Address
AddressRingwood
Hampshire
BH24 1EY
Tags Community Centre Hall

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About

Ringwood Meeting House was built in 1727 by a group of Presbyterians. They were known as non-conformists or dissenters because they did not conform to the Church of England's Articles of Religion as laid down in the Book of Common Prayer. They wished to worship God in their own way, without the dogma of bishops, creeds etc. Their tastes were what we could term 'puritan' - plain and unadorned.

The Meeting House in Ringwood is the only dissenting Meeting House in the county of Hampshire to survive from the period before 1800 in a virtually unaltered state. Its interior is one of the best surviving examples of a small Meeting House in the country with galleries on three sides. The architectural style of the Meeting House reflects early Georgian taste in general; the building is symmetrical, with plain walls and windows. Its boxed family pews, which we now find so unusual, were very common in England during the 18th century but were removed from most churches during Victorian times.

The building was known as the Upper or Great Meeting House during the 18th century to distinguish it from the Independents who broke away to build their own chapel known as the Lower Meeting House (now Trinity United Reformed Church). The old registers of the Upper Meeting House show baptisms from 1748 and burials from 1815.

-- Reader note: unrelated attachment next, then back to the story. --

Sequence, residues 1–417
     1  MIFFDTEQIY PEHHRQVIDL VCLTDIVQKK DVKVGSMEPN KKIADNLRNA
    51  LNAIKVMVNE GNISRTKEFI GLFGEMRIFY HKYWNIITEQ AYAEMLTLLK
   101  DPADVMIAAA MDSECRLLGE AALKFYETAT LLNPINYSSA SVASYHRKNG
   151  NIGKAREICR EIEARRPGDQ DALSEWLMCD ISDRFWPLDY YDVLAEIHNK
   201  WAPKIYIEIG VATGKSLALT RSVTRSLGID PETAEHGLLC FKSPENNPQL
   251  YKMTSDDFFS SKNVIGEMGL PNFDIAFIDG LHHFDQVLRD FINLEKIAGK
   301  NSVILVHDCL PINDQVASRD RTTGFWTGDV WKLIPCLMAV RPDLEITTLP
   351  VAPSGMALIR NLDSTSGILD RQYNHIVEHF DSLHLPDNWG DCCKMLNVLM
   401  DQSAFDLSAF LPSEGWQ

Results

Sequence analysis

During the 19th century the congregation of Ringwood Meeting House becoming Unitarian. The building was then known as St Thomas's Chapel, until it reverted to its original name in about the 1930's. In 1976 the Unitarians found they were unable to maintain the building and combined with a congregation in Bournemouth.

The Meeting House is now run by the Ringwood Meeting House Association, a registered charity which funds the day-today running of the centre. Volunteers are often able to help with enquiries about local or family history. In the upper galleries of the building is a collection of old photographs of Ringwood and other memorabilia. Downstairs there is an area for temporary exhibitions (see below for details).

OPENING TIMES
MONDAY TO SATURDAY - 10am. - 12noon, entrance 50p, includes coffee or tea., Wednesdays only 10am - 2.30pm.

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